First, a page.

I’m a freak for lighthouses– maybe it’s because of the trip to a couple of North Carolina lighthouses when I was a kid or from watching one too many episodes of The Road to Avonlea. Regardless, when I heard that there was a National Lighthouse Museum located just over the harbor in Staten Island, I was ecstatic! That is, until I did a little Googling.
Turns out that although an SI organization won the title “National Lighthouse Museum” in 1998, there’s still no museum. According to Staten Island Live:
The problem is that no one has come up with the funding required to transform the 19th century buildings on the site into a museum. Everybody seems to have been waiting around for somebody else to do the heavy lifting. It was as if everyone thought merely getting the designation was enough.
The city’s Economic Development Corp., which has always seemed a reluctant partner in this enterprise, did put about $8 million into stabilizing the buildings and constructing a first-rate new pier. But the EDC has maintained, with some reason, that the job of getting the museum up and running should fall to the museum’s backers, not city government.
The board of the museum never came close to raising the $15 million needed to get the museum going. Then, a couple of years ago, the board formally dissolved in what seemed to be the death knell for the museum.
But apparently there is a new board for the organization and renewed efforts to raise the several million dollars required to turn the proposed museum into a reality. Let’s hope they do right by it and ward off the muggers. Exploring a museum dedicated to lighthouses sounds like it would be a wonderful way to spend a spring afternoon.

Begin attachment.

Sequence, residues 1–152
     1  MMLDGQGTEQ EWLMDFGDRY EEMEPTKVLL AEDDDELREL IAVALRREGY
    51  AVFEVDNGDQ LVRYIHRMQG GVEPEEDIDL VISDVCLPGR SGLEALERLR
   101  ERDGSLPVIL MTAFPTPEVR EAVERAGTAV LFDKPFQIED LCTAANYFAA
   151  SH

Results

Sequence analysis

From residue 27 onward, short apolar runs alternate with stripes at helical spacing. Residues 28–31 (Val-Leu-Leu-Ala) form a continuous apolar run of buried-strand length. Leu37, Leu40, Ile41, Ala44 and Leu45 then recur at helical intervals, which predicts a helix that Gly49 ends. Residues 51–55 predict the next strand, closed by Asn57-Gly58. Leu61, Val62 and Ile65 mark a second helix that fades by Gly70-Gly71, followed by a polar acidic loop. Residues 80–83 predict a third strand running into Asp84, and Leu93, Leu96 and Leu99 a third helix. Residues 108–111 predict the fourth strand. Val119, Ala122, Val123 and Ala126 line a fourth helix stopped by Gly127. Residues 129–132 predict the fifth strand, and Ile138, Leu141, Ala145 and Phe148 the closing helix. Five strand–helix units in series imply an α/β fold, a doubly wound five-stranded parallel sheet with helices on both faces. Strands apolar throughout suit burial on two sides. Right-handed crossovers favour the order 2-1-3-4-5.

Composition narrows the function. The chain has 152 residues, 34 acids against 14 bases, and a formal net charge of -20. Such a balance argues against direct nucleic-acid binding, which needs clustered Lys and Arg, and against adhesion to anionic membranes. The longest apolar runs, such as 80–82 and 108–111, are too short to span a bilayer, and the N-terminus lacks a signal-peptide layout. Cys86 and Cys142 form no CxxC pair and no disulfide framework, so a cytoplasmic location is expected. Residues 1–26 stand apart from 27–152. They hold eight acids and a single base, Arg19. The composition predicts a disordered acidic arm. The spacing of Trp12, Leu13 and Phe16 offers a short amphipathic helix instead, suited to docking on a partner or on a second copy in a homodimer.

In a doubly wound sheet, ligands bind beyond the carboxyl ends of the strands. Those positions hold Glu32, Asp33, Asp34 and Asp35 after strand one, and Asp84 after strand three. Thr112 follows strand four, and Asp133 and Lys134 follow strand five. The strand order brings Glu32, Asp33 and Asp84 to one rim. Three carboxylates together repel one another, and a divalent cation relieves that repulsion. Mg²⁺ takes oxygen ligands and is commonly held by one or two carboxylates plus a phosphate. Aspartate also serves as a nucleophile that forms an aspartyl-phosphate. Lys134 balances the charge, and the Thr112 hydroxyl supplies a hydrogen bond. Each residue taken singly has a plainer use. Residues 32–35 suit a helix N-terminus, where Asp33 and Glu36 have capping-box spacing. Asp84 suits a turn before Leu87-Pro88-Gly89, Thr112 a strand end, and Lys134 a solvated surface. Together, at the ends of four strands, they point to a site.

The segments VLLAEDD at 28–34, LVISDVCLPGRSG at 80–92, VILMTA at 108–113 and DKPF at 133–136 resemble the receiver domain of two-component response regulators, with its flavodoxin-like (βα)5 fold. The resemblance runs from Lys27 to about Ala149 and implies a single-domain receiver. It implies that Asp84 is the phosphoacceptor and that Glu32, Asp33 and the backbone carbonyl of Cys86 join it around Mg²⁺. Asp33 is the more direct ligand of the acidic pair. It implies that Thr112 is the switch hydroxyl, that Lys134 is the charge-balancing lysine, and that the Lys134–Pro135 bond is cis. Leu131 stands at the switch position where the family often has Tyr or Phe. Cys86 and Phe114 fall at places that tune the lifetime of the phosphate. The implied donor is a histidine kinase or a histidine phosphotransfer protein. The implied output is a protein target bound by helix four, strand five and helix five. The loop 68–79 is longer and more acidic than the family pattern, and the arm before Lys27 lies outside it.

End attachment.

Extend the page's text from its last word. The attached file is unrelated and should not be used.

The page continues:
I spotted this gem in The Wall Street Journal’s New York Photos of the Week March 10th–March 16th with the caption:
About 30 public elementary school children compete in a chess tournament sponsored by Chess-in-the-Schools at The Cloisters Museum in New York on Sunday, March 11, 2012. The museum is currently displaying an exhibition “The Game of Kings: Medieval Ivory Chessmen from the Isle of Lewis.”
I hadn’t heard about the chess exhibition at The Cloisters but as a former high school chess geek, I know that the medieval Lewis Chessmen are some of the most famous historical game pieces (not to mention that Ron and Harry used them to play Wizard’s Chess in the first Harry Potter movie).
The pieces are thought to have been made in Norway and were probably abandoned on the Aisle of Lewis (which is near the west coast of Scotland) by a 12th century merchant. The pieces were lost until 1831 when they were unearthed with a whole trove of other objects. From the Met’s website: